I took this picture in Early Dec. 1968 immediately following Operation Meade River which took place in the area of Go Noi Island know to us as “Dodge City”. About 15 Miles south of the city of Danang. Not sure what the correct ID on the rockets and other equipment is. I am pretty sure someone here will know. Picture location is the Regt. HQ of the 1st. Marine Regt., 1st Mar. Div.
Sportclay, great to see somebody was part of historic events! It must have been an interesting time there.
Without more detailed images and measurements ist is hard to tell details but here what can be seen or concluded (from top left to lower right):
Appears to be an improvised rocket with self made (rigid) fin section, caliber could be 122mm as per the long launch tube at the bottom (judging diameters). I can not see a launcher for this one here in the image.
The launch tube on the wooden desk seems to be the improvised launcher for the rocket to the right which could be a version (improvised?) of a 140mm M-14 rocket for the BM-14 system. Though these usually can be fired from the bare ground or sandbags as shown in the photo.
The mentioned launch tube at the bottom is a dismounted tube of a 122mm BM-21 launcher (or one of it’s versions). This is still often done today in scenarios with NSAs (in the Middle East and Africa). This way they get “portable” rocket launchers with quite long range. Much easier to handle in remote areas, in mountainous terrain and also easier to conceal.
Alex, Thank you for the info! I thought I recalled that the rocket with fins was a 122mm. The other I had no idea. These were the first I had seen that I was not on the receiving end…
The link above will give a brief overview of Op Meade River. I was a combat FMF Corpsman with D Co. 1stBn., 1st Marines. In June and July of '68 I was part of Operation Allen Brook in the same area.
Sportclay, you maybe have more images or ammo and ordnance from these days?
Did you ever come across enemy small arms ammo? Did you check headstamps?
This was taken after the same operation. I don’t think I have any ammo pictures. We found/ captured a lot of small arms ammo. Didn’t pay any attention to the headstamps, wish I had. Many times it was the spam/ containers of ammo. I spent a total of 2 years and 3 1/2 months there. 1966 and then back again in Feb. '68 to May 12th 1969 when I was med evaced for the third and final time. Opportunities to take photos were random at best. I have a lot of photos but not not much of ordnance or ammo . Quite a few of ordnance in use. air strikes, artillery and some when I pulled the lanyard of a 105 or dropped a round down the tube of a 60mm or 81mm.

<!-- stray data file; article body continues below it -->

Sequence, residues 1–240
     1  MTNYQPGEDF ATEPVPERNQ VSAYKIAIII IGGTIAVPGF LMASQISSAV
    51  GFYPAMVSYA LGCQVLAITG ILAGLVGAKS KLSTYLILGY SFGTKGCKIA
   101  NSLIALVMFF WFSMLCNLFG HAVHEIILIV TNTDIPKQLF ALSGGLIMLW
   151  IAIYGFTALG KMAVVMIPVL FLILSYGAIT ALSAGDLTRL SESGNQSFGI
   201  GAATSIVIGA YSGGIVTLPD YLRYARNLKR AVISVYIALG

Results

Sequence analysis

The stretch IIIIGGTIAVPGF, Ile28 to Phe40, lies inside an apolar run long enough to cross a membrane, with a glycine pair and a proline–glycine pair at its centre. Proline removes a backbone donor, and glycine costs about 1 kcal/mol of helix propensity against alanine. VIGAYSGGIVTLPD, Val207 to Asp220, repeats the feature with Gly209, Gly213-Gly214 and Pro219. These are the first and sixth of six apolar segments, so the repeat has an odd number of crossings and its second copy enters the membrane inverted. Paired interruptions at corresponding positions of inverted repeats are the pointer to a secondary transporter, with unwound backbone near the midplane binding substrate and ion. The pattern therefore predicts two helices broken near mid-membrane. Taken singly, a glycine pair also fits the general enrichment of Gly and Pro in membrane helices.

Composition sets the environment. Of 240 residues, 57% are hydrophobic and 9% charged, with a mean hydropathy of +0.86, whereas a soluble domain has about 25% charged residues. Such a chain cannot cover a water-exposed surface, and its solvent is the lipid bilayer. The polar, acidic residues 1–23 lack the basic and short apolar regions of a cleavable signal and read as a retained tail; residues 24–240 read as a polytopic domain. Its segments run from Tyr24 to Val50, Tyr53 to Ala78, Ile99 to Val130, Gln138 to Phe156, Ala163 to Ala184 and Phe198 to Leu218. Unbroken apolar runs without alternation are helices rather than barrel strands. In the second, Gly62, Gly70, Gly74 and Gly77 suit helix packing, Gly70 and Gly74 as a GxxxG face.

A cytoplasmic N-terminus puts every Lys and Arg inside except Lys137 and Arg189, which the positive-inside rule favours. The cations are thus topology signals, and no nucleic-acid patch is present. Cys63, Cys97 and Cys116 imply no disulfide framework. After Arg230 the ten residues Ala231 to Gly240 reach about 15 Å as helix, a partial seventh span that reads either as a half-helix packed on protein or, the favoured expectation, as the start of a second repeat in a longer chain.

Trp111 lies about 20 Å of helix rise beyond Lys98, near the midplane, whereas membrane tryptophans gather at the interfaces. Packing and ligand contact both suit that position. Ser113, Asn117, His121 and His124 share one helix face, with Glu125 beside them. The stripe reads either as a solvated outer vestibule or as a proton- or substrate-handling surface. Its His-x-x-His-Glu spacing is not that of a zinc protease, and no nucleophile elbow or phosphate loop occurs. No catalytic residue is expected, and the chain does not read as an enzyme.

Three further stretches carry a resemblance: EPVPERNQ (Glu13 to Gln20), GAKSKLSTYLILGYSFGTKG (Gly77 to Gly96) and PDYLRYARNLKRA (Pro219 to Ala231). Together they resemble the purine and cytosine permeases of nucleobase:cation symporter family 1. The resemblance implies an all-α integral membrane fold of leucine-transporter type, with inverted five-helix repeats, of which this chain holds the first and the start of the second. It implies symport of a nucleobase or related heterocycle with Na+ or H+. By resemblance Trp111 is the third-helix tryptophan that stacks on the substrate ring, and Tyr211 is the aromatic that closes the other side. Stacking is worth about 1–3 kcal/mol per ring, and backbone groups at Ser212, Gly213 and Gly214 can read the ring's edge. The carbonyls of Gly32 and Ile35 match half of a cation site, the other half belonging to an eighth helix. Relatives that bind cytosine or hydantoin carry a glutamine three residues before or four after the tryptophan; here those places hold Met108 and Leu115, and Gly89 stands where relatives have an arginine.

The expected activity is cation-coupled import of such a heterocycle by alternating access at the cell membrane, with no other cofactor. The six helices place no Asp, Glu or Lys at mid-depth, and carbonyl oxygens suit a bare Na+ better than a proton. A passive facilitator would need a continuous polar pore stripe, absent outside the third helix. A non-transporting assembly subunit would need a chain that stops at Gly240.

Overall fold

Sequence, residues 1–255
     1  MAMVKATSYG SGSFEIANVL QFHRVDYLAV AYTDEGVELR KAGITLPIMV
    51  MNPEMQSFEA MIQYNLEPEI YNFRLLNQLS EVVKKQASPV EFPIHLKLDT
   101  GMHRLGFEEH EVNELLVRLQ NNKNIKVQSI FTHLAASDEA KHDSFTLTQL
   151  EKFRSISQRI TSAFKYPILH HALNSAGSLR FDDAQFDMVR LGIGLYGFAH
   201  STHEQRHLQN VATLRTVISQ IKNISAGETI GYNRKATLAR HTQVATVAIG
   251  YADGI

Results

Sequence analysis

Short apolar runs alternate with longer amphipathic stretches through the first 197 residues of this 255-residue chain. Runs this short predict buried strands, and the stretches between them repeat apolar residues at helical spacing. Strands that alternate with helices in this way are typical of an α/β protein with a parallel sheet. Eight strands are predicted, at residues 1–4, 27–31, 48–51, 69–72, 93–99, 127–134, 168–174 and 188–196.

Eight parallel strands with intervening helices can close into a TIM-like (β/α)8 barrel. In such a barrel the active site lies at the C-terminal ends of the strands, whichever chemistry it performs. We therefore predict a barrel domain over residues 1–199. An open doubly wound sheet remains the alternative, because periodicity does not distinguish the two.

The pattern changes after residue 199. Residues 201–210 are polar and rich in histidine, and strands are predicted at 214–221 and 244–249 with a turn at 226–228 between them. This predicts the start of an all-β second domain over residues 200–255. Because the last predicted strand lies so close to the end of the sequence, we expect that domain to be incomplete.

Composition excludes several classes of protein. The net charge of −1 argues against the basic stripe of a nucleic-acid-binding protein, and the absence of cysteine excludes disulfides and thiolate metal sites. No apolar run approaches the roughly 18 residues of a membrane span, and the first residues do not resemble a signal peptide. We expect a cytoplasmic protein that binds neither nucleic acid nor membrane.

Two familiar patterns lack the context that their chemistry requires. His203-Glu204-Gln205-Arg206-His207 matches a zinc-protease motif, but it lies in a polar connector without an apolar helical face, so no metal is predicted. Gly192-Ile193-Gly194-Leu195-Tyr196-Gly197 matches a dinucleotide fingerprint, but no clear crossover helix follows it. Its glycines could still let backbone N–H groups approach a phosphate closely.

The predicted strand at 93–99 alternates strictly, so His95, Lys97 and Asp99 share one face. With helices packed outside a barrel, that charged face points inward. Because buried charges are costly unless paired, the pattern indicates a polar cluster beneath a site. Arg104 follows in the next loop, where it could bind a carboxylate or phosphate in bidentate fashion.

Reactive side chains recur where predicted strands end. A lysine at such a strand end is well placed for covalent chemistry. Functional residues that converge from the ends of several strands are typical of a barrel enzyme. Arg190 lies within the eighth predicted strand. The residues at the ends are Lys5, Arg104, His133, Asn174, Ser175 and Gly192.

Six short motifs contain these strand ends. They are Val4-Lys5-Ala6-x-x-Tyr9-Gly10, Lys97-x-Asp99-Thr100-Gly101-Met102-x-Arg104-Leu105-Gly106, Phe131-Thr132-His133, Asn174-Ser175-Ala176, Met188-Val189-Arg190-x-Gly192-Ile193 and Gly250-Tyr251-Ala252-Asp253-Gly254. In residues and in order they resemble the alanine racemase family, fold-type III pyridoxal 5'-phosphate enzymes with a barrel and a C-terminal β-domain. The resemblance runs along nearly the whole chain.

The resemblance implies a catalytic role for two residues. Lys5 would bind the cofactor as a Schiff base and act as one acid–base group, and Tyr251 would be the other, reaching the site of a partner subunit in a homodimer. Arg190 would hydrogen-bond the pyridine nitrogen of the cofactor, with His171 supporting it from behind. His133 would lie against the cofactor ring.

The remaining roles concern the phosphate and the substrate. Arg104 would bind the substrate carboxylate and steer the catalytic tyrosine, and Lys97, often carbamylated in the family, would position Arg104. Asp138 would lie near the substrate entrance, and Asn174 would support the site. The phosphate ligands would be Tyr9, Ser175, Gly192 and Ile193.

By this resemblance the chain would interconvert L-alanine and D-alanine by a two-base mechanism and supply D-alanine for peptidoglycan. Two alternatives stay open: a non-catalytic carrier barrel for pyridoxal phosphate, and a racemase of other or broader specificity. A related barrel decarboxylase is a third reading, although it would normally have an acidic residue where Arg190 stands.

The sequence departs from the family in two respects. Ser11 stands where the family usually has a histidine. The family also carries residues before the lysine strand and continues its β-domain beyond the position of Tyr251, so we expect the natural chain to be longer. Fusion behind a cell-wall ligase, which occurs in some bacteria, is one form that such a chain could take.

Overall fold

One of the weapons that are stacked was the primary focus of a mini gun firing from a “spooky” gun ship and had at least 30-40 bullet strikes on it. Thermal imaging sighting system.
Sportclay, thanks! Maybe you can show some air strike images ? Being ammo related after all.
OV-10 Bronco firing WP rocket to mark target for the fast movers.
A-4 Skyhawk dropping Napalm on his second run, first run HE probably Mk 82
This area had concrete bunkers 3 levels deep.
The USS New Jersey fired a number of rounds of 16" trying to breach the bunkers one night. Pretty impressive. Could see the sky horizon light up when the New Jersey fired and hear the incoming shell. Unforgettable sound. The hole in the ground would be big enough to swallow the average house. During the 20 +days of Meade River there was a constant overhead cover by either Marine or Navy A-4’s and F-4’s. This was the largest operation during the war. Korean, Australian, US, and VN forces. Within a few weeks the VC and NVA re-occupied the Go Noi Island complex…
You were so close to “permanent” (bunkers) NVA installations?
Do you happen to have images of the 16" craters?
Many of the bunkers were built during the French occupation. This area, Go Noi Island had been a staging/training area for VC and NVA regulars that would be working in the Danang, Hoi Ahn coastal area for decades. This was a free fire zone and we regularly ran squad to company size patrols and search and clear operations there. Did not have to request permission to fire. Anyone there was a target. Hospital and communication were the largest of the bunkers. Some of the entrances were under water in the bank of the river used a “j” tunnel similar to a toilet J trap. Ventilation was disguised by using large bamboo “pipes” , antennas were hidden inside the bamboo also. I have some aerial pic taken from helicopters that show heavily bombed and shelled area
Sportclay, thanks for the great photos! And even more important, thanks so much for your service!